Health and Safety – Giant Hogweed


Giant hogweed (Heracleum mantegazzianum) grows prolifically along many urban watercourses throughout London and is managed by a range of land owners. As well as being a particularly invasive species, contact with the sap of giant hogweed can result in severe burning and blistering of the skin after exposure to sunlight.

As the species needs to be treated, but contact can result in injury, there are certain health and safety aspects that need to be considered before, during and after treatment.

Giant Hogweed - dead seed heads. Copyright, K.Harper 2012

Giant Hogweed – dead seed heads. Copyright, K.Harper 2012


Limiting exposure to giant hogweed is the best way to minimise the danger it presents to human health. Before carrying out work on giant hogweed, ensure that you have the required personal protective equipment (PPE). Suggested equipment include:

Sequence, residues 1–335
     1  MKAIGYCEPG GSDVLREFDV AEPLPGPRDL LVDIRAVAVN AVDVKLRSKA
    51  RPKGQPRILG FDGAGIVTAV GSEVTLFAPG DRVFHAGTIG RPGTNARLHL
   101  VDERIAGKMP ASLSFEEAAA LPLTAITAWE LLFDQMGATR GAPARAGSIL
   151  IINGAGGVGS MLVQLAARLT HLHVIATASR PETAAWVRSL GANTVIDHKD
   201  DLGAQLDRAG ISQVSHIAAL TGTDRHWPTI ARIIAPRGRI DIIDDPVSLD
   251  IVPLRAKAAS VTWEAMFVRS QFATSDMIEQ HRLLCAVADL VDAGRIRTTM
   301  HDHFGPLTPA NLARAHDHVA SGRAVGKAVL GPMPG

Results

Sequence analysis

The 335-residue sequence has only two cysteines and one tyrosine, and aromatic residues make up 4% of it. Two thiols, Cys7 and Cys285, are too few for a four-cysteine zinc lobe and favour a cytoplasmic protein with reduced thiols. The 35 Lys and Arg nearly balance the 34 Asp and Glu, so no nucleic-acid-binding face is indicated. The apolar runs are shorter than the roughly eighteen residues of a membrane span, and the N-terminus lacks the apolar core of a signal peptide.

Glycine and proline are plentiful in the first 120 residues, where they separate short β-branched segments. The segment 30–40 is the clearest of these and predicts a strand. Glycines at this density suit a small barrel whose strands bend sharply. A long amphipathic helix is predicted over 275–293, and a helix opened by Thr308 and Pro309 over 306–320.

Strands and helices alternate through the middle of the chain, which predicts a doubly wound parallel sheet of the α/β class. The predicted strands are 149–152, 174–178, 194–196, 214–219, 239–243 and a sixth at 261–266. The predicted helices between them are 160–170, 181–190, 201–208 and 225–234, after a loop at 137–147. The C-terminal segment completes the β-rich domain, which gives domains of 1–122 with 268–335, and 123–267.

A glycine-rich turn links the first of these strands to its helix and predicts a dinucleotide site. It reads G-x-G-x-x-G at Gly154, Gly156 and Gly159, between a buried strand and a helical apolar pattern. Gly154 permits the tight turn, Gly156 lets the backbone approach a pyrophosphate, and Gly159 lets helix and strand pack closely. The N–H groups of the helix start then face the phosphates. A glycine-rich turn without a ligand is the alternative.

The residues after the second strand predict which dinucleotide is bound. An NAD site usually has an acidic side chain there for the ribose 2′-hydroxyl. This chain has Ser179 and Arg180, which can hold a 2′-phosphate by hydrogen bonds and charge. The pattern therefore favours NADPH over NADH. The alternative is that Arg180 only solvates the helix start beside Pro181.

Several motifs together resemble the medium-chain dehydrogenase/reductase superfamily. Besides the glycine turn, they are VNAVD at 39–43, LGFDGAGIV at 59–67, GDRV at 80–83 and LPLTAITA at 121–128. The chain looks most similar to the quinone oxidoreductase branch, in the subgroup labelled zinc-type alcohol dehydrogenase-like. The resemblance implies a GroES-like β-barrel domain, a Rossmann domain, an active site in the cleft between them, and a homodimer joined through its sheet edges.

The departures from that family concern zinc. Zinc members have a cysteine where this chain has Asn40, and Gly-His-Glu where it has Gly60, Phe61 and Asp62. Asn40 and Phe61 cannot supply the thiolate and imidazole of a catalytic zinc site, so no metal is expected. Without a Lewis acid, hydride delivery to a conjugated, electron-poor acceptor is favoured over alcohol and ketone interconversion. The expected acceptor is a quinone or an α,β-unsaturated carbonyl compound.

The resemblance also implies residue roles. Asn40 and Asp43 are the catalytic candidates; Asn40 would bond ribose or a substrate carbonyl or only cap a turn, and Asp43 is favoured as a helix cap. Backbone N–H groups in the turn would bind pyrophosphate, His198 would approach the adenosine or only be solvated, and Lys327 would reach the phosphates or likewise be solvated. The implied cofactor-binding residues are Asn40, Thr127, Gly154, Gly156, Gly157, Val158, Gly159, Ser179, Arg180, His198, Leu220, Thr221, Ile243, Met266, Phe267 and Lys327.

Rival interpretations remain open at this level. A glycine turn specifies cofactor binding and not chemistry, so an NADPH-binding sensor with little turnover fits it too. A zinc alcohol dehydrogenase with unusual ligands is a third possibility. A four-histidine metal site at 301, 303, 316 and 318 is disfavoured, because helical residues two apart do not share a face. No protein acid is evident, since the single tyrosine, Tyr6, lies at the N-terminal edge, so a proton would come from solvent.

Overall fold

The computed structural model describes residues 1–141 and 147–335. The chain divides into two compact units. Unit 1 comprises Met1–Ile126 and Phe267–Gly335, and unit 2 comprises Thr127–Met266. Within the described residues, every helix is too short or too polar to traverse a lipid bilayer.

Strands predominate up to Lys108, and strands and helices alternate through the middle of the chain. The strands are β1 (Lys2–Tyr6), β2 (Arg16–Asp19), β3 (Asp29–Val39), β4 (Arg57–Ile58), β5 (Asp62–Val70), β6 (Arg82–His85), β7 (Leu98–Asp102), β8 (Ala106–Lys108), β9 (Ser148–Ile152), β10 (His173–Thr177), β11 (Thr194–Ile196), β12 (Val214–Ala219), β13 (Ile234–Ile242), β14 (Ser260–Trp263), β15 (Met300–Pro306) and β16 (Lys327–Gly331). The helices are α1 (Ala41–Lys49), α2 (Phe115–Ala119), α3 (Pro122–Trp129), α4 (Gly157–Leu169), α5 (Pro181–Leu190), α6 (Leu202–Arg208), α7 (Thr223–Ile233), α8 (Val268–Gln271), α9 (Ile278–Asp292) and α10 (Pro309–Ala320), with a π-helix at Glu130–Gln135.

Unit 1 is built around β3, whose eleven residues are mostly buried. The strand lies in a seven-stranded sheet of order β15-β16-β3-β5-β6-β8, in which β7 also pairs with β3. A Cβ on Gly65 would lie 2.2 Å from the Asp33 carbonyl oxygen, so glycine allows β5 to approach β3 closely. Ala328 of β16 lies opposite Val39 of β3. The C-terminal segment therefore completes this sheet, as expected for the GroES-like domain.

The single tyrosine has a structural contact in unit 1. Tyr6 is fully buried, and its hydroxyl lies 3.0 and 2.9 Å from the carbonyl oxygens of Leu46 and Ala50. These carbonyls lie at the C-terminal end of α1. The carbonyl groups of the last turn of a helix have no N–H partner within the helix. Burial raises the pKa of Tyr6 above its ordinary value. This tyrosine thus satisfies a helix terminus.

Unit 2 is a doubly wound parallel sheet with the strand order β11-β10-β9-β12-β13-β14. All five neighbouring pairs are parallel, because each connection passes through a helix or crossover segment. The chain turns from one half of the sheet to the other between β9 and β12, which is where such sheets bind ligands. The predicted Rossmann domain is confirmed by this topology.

• Long sleeve trousers and long sleeve shirt (or body protection suit);
  • Eye protection; and
  • Long sleeve gloves.

After work, all equipment should be treated carefully to ensure that contact is not made with the protective clothes as this can be contaminated with plant material. Equipment needs to be washed down carefully and stored safely until next use.

First aid treatment of giant hogweed exposure includes washing the site of contact with clean water and limiting exposure to sun. It is important to seek medical advice.

Recommended Action

Individuals and organisations can limit the chance of exposure to giant hogweed by carrying out a few easy actions:

  1. Locate and map giant hogweed on your sites so that they can be treated at the same time to minimise exposure.
  2. Consider alternative management techniques which limit the physical contact required for removal. This can include using herbicides where appropriate. Ensure you have all appropriate PPE for use of chemicals and all required permits for its use.
  3. Ensure that you have all of the required personal protective equipment and the means to clean/store equipment before treatment.
  4. Ensure that you and others are aware of the appropriate first aid treatment for giant hogweed burns and that there is an appropriately trained first aid officer on site.